Salvage Operation Clears Cargo from Grande Costa D’Avorio
The U.S. Coast Guard is reporting that the cleanup operation after the fire aboard Grimaldi’s conro Grande Costa D’Avorio marked a milestone in the operation. Four weeks after the fire that burnt for days was declared out, the salvage team completed clearing the cargo from the vessel.
The fire was declared out on July 11 with the efforts continuing to dewater the ship and begin salvage operations. At the same time, they said there would be an ongoing comprehensive investigation into the fire.
In the latest update from the command overseeing the process, the USCG reports all vehicles have been removed from the cargo decks of the ship. Grimaldi had reported at the time of the fire there were over 1,200 vehicles aboard in the car areas of the ro-ro as well as on deck. They consisted of both new and secondhand cars, as well as vans and other rolling equipment, but they said there were no electric vehicles aboard. Damage to the cars varied depending on their location and the spread of the fire.
Cars loaded on the deck seen after the fire was extinguished (USCG)
The vessel was also loaded with 157 containers stored on deck in the forward areas of the ship. Firefighters were successful in containing the fire so that the containers were undamaged. Pictures show that a floating crane was brought alongside to offload the containers. According to the update from the USCG, all the containers have also now been removed from the vessel.
At this stage, they continue to report that the vessel remains in a stable condition and that no fuel oil or hazardous material has been released into the marine environment.
Containers being hoisted from the deck of the vessel to a barge (USCG)
"Our partnerships played a crucial role in the swift response to the initial fire, and we continue to work jointly during this phase of recovery operations to accomplish significant milestones toward the completion of salvage operations," said Capt. Zeita Merchant, the Federal On-Scene Coordinator and Captain of the Port of New York and New Jersey. “All stakeholders involved are laser-focused on ensuring the safety of the public and response personnel, mitigating environmental impacts, and minimizing any impacts to the marine transportation system.”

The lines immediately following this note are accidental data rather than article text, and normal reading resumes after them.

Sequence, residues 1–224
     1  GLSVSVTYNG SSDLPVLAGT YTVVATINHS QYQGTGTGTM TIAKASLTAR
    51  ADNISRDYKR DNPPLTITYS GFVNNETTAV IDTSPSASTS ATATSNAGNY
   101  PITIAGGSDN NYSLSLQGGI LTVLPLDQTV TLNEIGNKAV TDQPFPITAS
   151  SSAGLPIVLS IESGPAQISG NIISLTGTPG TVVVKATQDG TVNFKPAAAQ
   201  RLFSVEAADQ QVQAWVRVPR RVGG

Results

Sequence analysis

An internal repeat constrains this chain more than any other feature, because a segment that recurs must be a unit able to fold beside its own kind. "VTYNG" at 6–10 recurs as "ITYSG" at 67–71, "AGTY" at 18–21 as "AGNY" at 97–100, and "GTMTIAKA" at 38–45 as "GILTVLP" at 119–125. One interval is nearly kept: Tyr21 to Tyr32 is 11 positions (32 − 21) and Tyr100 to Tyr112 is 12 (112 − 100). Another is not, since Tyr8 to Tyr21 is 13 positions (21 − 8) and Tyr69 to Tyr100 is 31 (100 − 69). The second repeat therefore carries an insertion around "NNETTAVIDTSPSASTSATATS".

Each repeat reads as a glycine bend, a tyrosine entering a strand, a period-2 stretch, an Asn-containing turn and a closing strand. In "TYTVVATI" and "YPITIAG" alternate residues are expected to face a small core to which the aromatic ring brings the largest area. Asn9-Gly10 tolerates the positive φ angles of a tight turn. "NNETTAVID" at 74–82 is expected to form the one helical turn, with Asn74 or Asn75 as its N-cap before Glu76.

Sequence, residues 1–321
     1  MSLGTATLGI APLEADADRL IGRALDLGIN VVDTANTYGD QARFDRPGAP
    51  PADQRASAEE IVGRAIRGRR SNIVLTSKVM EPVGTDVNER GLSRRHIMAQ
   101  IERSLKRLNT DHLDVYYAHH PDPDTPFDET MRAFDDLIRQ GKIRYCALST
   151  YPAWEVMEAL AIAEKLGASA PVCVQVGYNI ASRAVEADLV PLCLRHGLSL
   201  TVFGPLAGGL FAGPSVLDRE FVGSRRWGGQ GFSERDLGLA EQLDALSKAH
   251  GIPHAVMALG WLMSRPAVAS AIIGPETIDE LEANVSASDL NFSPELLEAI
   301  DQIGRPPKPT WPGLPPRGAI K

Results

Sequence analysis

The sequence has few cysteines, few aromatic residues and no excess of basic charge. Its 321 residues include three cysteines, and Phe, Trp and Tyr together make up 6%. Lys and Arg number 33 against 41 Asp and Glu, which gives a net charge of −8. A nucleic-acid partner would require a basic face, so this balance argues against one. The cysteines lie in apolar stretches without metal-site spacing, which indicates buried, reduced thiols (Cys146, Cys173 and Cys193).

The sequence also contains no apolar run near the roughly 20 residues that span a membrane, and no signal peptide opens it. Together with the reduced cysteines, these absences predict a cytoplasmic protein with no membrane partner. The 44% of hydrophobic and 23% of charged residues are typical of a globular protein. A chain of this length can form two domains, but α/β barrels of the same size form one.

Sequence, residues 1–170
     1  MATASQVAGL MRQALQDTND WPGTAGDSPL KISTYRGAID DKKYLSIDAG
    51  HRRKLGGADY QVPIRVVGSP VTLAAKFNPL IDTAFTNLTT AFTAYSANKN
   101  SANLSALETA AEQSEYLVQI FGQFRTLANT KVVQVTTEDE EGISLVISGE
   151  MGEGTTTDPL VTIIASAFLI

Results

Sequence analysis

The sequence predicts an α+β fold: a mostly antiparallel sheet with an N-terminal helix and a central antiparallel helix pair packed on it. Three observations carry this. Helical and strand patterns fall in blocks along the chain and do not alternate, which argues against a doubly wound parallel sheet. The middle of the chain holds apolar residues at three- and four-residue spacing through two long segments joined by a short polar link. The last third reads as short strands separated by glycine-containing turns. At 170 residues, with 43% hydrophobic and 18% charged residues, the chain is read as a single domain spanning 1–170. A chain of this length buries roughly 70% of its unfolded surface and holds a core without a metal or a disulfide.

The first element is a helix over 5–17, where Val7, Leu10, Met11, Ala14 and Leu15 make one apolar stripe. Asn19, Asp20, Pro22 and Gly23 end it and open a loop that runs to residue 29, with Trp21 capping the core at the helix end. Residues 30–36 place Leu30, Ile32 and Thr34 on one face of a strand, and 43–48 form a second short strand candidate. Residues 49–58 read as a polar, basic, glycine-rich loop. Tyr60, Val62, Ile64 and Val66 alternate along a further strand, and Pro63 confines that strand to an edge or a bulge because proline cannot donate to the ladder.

A comprehensive formal investigation also continues to determine the root causes and contributing factors leading to the shipboard fire. No timeline was offered for when the vessel might be ready to leave Port Newark.
The fire broke out on the Grande Costa D’Avorio at the Port Newark Marine Terminal in New Jersey on July 5. Local firefighters responded attempting to container the fire and the efforts were later expanded to include specialized teams. Two of the local firefighters were killed in the initial effort and the fire would continue to spread in the areas of the vehicles before it was finally extinguished after six days. The 28 crewmembers on the vessel were all evacuated without injury.